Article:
If you’ve done any research into teaching abroad you’ve likely noticed some countries place a heightened importance on education as a whole. South Korea is one of those places and entire industries have been established to support students of all ages that are looking for supplemental learning opportunities outside of their normal schools. One such business aimed at providing English classes every day of the week is known as a hagwon.
Note: I worked in a hagwon during my year in Korea and loved it! You can read more about my experience here.
What Is a Hagwon?
Hagwons are private education companies that cater to students ranging from young children to adults. The word itself, pronounced just like it is written in English, translates from Korean to “for-profit, private institute.” Hagwons exist to cater to students looking for additional English lessons outside of their normal schools or jobs and therefore tend to operate during nontraditional hours like the nighttime and weekend.
Hagwons are designed with the intention of fostering a more personalized level of learning through smaller class sizes. Classes are usually filled with dedicated and driven students that are paying premiums for extra help and are therefore super motivated to improve their abilities or simply reinforce what they have learned previously.
Some classes may also be comprised of struggling students looking to gain a foothold in their everyday curriculum and the smaller teacher-to-student ratio benefits them as well.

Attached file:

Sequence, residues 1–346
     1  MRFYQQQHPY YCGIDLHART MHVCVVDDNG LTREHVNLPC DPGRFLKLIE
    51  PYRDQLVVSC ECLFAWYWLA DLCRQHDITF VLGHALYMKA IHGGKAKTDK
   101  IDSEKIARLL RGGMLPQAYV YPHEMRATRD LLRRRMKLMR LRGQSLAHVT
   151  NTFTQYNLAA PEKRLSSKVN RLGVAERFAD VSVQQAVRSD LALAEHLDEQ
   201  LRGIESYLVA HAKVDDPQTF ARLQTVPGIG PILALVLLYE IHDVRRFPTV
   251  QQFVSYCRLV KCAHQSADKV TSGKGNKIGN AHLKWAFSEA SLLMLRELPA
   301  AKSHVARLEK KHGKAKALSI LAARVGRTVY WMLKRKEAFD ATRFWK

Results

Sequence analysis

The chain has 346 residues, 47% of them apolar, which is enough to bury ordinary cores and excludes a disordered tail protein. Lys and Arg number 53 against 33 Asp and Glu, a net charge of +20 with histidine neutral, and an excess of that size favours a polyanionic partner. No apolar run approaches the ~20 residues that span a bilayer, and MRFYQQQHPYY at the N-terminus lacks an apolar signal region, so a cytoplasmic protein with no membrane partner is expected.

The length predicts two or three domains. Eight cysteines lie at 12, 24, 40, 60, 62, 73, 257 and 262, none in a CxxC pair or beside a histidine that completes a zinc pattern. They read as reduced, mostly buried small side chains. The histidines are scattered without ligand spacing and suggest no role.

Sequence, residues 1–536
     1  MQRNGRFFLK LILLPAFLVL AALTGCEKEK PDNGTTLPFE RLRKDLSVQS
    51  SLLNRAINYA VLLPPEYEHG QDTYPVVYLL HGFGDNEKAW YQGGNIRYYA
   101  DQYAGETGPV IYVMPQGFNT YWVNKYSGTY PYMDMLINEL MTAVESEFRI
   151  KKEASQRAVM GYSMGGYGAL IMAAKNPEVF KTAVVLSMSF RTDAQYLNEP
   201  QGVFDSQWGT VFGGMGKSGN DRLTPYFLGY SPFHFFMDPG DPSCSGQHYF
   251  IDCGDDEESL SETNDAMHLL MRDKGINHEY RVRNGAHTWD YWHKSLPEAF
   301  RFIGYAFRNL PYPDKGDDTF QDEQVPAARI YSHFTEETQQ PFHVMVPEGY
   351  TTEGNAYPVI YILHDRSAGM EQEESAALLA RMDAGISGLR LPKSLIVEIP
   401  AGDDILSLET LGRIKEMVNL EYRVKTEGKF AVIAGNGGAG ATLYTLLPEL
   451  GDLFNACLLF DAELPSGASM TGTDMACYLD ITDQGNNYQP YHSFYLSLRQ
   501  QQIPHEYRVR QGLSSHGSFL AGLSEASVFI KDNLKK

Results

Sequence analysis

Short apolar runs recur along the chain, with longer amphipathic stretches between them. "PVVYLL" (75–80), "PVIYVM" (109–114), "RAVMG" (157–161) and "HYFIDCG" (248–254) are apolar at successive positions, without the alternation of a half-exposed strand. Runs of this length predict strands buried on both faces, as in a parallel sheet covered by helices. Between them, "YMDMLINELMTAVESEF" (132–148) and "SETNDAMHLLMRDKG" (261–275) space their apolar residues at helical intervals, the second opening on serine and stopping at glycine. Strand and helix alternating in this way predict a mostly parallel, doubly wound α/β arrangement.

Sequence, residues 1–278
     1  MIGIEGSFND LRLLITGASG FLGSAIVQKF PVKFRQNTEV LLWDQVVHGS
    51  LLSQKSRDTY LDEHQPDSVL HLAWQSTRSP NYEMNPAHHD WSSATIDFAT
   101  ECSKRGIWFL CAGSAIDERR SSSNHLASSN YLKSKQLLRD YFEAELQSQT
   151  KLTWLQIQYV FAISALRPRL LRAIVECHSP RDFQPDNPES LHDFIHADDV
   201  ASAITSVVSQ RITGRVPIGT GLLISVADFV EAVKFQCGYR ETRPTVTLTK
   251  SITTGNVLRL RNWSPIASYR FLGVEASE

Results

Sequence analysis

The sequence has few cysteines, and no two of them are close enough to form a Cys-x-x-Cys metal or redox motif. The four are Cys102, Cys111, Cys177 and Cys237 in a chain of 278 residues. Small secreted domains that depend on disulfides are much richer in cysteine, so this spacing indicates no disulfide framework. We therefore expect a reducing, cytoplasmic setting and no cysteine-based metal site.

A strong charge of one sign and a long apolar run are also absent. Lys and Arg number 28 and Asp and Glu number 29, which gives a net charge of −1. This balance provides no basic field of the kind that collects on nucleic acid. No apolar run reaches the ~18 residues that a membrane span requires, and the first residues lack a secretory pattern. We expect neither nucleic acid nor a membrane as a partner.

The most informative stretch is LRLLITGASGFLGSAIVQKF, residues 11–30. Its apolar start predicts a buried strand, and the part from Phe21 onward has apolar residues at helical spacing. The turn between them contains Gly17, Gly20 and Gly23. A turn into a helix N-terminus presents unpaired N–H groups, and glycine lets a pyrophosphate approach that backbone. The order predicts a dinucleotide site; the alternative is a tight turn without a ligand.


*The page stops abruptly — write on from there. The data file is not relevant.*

What to Expect From a Hagwon
First and foremost, it’s important to know that hagwons are a business. If you choose to work for one, understand that you will not be working with the public education system/government. This comes with some drawbacks, ranging on the scale from mild to extreme wishing-you-had-never-even-started-working-there regret.
Younger hagwon students often attend regular schooling with their hagwon classes falling in the late afternoon or early morning. Older students, including adults, typically attend during the evening and it’s common for classes to run until 9 or 10pm to accommodate everyone.
Because of the driven nature of the students and the fees they pay for lessons, hagwons almost always require their teachers be native English speakers. Luckily, they also hire applicants with little to no experience and typically offer training based on their curriculum and methods. While the application process may be tedious, working for a hagwon is a great way for first-time teachers to get a feel for ESL in Korea.
Benefits of Working in a Hagwon
The plus side of working in the private sector is that one often makes considerably more money at a hagwon compared to a public school (again, great for travelers, more money in a shorter amount of time). The number of hagwons operating in Korea is staggering with some blocks boasting multiple hagwons chains. Thanks to their abundance, there are ample ESL hagwon jobs in Korea and a wide variety of establishments to choose from.